One of 11 children, Yossef Romano was a big, but gentle man. He moved to Israel with his family in 1946 at the age of just six, and served in the IDF during the 1967 Six-Day War. Though he was an interior decorator by profession, Romano became Israel’s middleweight weightlifting champion for almost 10 years.
But at the 1972 Olympics, he injured his knee during the clean-and-jerk event and was forced to drop out. Hobbling around the Olympic Village on crutches, he was due to return to Israel on September 6 to undergo an operation to repair his ruptured knee tendon the following day. He never got the chance.
His wife, Ilana, recalled having a “bad feeling” during his training, which only grew worse as the Games approached. But Romano assured her, “Nothing will happen, don’t worry. Everything will be okay.”
On the evening of September 4, Romano joined his fellow athletes in a night out, watching a performance of “Fiddler on the Roof” and then dining with the musical’s star, Israeli actor Shmuel Rodensky.
Then, in the early hours of September 5, Palestinian terrorists broke into the Israeli coaches’ quarters at the Olympic Village. After wounding wrestling coach Moshe Weinberg in the face, the members of the Black September group forced the coach to lead them to other hostages in the second apartment. There, they seized six wrestlers and weightlifters, including Romano.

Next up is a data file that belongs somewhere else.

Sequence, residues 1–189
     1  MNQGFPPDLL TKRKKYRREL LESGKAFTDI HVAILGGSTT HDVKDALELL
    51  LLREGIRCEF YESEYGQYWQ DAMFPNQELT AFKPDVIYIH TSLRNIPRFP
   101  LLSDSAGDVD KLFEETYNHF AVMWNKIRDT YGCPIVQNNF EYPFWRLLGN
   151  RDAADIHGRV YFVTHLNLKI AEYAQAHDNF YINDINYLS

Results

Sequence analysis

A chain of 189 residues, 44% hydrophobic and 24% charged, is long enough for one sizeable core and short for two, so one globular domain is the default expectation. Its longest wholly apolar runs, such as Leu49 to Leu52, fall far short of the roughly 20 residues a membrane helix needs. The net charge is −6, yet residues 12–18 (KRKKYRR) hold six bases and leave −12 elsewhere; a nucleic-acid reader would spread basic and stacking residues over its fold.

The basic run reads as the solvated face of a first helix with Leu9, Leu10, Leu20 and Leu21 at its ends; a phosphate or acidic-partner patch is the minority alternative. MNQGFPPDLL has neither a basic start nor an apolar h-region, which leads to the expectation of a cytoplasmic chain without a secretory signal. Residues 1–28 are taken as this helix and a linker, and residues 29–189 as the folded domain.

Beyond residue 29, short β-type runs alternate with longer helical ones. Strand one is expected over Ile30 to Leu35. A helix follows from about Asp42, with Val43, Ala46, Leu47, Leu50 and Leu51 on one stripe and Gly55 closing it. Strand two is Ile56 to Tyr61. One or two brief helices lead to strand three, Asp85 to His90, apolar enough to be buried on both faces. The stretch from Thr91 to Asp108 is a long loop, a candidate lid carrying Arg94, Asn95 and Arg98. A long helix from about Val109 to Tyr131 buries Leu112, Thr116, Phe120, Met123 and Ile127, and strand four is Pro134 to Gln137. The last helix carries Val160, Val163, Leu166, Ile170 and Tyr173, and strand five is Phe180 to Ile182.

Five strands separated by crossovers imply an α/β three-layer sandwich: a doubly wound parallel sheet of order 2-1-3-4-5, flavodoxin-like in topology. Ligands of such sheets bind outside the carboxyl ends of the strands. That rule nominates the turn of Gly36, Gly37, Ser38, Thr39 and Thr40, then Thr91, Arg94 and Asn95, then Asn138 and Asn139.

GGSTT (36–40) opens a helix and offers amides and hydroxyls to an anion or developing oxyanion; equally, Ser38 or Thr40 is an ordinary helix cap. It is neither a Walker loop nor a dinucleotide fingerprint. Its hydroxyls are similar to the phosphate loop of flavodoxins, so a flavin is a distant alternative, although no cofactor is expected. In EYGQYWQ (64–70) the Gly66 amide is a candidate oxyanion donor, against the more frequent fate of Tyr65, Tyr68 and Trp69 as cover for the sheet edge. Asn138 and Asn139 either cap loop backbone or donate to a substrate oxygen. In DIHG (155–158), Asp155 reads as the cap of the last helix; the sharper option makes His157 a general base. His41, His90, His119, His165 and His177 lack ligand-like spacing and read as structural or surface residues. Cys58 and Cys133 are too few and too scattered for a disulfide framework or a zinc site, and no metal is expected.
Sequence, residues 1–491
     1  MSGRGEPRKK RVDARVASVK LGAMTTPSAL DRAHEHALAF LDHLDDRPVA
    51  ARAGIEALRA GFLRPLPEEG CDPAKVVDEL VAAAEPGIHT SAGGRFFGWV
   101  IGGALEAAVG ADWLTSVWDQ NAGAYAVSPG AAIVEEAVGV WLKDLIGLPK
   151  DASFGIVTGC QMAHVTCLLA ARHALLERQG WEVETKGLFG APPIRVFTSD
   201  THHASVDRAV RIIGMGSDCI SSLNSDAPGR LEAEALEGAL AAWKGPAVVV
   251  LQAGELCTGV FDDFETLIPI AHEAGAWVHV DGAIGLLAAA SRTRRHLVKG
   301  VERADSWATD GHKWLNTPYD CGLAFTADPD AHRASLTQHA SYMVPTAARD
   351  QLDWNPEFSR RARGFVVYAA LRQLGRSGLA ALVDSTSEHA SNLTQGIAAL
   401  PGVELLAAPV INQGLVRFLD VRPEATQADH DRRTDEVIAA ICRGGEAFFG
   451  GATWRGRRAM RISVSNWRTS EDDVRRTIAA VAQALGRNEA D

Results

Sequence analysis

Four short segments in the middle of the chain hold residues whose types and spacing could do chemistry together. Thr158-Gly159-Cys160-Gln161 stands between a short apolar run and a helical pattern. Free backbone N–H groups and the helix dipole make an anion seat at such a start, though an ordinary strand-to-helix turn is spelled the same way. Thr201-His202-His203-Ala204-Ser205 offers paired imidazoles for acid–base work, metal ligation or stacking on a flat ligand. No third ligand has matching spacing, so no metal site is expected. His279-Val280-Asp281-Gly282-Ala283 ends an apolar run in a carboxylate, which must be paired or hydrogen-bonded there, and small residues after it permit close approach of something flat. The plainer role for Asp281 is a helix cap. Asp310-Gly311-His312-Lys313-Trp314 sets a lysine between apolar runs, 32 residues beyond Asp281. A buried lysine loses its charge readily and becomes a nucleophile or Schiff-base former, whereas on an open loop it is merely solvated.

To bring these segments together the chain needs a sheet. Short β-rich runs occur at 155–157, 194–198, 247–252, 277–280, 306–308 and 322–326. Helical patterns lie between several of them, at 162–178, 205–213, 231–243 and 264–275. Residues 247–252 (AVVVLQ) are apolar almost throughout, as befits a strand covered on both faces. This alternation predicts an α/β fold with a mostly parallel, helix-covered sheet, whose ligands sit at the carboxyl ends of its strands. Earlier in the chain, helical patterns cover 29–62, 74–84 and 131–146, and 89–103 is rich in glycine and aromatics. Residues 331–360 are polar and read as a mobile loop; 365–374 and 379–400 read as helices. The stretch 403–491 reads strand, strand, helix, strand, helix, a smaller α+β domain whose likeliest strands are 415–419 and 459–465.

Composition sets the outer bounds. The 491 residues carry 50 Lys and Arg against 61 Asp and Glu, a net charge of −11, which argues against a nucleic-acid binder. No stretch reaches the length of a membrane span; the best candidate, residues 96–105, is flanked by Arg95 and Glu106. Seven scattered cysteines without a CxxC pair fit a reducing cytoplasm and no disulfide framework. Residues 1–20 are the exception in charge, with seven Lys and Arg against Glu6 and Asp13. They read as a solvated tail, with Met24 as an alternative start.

As the group was corralled back to the coaches’ apartment, Weinberg attacked the terrorists, allowing wrestler Gad Tsobari to escape. Weinberg was killed in the process.
Once inside the apartment, Romano also attacked the kidnappers, slashing one terrorist in the face with a paring knife and grabbing his AK-47. Before he could turn the weapon on his assailants, another member of the group shot Romano to death. His corpse was left at the feet of his surviving teammates for the next 20 hours as a warning. The remaining nine captives were killed during a botched rescue attempt at a nearby airfield.
“I knew he would resist and fight,” Ilana said of her late husband. “He would do something.”
Romano was survived by his wife and three children. Illana, alongside Munich widow Ankie Spitzer, became active in the legal case against the German government, which was settled out of court in 2003.